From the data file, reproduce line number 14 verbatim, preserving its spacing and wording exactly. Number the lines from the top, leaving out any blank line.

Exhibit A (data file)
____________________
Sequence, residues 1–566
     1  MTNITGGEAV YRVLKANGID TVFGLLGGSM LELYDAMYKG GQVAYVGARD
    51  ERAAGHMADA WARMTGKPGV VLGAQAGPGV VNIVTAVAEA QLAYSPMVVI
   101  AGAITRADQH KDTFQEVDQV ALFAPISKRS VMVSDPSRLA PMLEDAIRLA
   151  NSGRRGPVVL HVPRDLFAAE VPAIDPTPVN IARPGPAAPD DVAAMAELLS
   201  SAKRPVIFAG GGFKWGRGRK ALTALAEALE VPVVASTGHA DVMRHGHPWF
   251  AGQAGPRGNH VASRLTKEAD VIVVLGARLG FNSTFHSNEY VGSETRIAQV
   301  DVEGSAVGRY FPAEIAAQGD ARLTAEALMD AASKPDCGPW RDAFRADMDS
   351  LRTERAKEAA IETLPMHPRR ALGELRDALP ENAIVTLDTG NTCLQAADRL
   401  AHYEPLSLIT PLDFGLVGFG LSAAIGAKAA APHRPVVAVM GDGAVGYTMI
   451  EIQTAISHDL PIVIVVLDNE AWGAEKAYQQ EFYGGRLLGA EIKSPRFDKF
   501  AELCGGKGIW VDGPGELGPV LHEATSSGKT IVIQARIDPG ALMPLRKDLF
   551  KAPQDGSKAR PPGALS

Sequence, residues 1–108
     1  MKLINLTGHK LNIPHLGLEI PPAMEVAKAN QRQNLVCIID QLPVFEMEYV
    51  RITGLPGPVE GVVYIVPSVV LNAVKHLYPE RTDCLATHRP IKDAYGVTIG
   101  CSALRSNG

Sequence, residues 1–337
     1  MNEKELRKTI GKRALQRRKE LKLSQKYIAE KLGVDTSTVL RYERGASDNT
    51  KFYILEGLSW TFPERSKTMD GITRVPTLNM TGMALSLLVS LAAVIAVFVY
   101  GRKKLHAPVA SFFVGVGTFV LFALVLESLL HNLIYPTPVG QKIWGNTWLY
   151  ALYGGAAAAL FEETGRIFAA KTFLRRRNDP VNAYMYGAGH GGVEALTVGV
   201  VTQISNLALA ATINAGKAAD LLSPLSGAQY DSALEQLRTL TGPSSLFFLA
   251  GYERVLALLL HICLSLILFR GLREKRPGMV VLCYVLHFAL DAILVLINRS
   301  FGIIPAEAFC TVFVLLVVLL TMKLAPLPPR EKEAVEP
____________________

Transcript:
Sequence, residues 1–108